My intuition said that MotoGP Assen would deal out an unjust round of cards proved true indeed, with the characteristic rain visiting the track in force on race day. The grid started the race on wet tires, and it could be taken for granted that strong wet weather riders such as Rossi, Dovi and Petrucci would put up a strong show. The lights went out to reveal Redding getting the holeshot and running wide into turn 1 with exuberance. Rossi lead Dovi, Aleix Espargaro and Marquez into the first few turns. One of the many surprises at Assen was Yonny Hernandez on a set of soft wet tires. He charged through the field and overtook Marquez before the final chicane on lap 1 and passed Espargaro at turn 1 on lap 2. The rather ancient Ducati he was on proved surprisingly competent in his hands, as he gained on the leaders by leaps and bounds.
Hernandez passed Dovi at turn 1 on lap 3 and overtook Rossi after Rossi ran wide a few corners later. Lorenzo languished in 11th place after showing some pace in the earlier laps. He soon dropped to 15th place even as Petrucci overtook Pedrosa for 5th place. Pedrosa’s skill in getting so far ahead after starting quite far back is commendable, but even more commendable was Petrucci as he spanked factory bikes on his way forward as proven by him dispatching Marquez on lap 5.
The hell-raiser Iannone meanwhile crashed and bashed his way past Marquez too with characteristic aggression and relentlessness, despite starting from last place on the grid. By the tenth lap, Hernandez was ahead of Rossi by a massive 3.6 seconds. Soon after, Dovi passed Rossi at turn 1 and Hernandez’s majestic ride came to an end when he crashed at the turn 1 on lap 12. He took away respect and admiration for his ride if not a trophy. Iannone highsided on the next lap, even as Rossi and Petrucci traded overtakes. The leading pack was now bunched up, with the top four trading overtakes before the race was red flagged on the fifteenth lap due to the rain. Both the Repsol Honda riders and Redding were furious at this turn of events, waving their hands shaking their heads in anger.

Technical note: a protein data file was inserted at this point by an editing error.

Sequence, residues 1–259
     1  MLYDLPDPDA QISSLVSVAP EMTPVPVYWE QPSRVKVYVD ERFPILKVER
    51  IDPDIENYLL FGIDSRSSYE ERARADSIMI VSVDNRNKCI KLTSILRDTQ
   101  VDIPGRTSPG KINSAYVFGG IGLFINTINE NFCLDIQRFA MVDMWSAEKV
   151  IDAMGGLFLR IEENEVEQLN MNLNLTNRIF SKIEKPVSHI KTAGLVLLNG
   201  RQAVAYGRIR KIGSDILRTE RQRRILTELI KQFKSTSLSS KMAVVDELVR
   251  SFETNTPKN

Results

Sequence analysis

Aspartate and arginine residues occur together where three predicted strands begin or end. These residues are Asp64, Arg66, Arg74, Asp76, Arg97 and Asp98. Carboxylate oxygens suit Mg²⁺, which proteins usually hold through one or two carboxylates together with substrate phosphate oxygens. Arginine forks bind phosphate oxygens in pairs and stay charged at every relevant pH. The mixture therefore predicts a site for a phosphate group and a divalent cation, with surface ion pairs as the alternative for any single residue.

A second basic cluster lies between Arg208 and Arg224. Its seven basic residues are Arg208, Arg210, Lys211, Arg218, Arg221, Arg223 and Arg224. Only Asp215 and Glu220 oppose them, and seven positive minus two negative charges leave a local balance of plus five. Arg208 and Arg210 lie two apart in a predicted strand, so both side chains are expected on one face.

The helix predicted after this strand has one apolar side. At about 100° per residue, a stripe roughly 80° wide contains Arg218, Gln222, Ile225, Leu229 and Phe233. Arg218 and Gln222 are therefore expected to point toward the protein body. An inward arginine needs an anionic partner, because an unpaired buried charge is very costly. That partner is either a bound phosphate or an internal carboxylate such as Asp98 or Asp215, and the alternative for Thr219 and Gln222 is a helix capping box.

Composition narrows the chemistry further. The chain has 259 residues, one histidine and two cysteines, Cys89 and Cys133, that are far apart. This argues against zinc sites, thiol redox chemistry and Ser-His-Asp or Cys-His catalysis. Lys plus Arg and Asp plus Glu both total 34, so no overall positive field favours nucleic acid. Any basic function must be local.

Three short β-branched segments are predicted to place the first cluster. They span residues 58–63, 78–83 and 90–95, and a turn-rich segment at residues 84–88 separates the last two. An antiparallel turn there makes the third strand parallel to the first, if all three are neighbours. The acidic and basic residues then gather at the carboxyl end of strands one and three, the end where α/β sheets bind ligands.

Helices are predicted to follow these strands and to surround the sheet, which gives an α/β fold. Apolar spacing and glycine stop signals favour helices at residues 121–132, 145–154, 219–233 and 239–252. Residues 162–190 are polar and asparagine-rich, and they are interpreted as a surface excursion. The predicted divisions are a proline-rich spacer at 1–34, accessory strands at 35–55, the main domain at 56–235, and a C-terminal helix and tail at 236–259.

The restarted race was a 12 lap affair, with the positions on the 14th lap comprising the starting grid. Dovi, Rossi, Marquez and Miller who got a good launch lead the field into turn 1. Pedrosa bit it at turn 9 and Crutchlow crashed out of the race soon after, the Englishman down in the gravel for the fourth time in the weekend and lord knows how many times in the season. Petrucci retired while Dovi and Smith crashed on lap 2. Rossi had opened up a lead of 3 seconds when he too crashed at turn 10 on lap 3, followed by Aleix Espargaro soon after at turn 11. Jack Miller, yes, Jack Miller passed Marquez for the lead on the next lap and stayed there. Vinales and Lorenzo benefitted from the slew of crashes to recover to 10th and 11th respectively. Redding got past Pol Espargaro for the last place on the podium on the penultimate lap. Bautista crashed out of a valuable sixth place on the last lap while Miller wheelied over the line to become the first satellite rider to win a MotoGP race in ten years, since Toni Elias won at Estoril in 2006.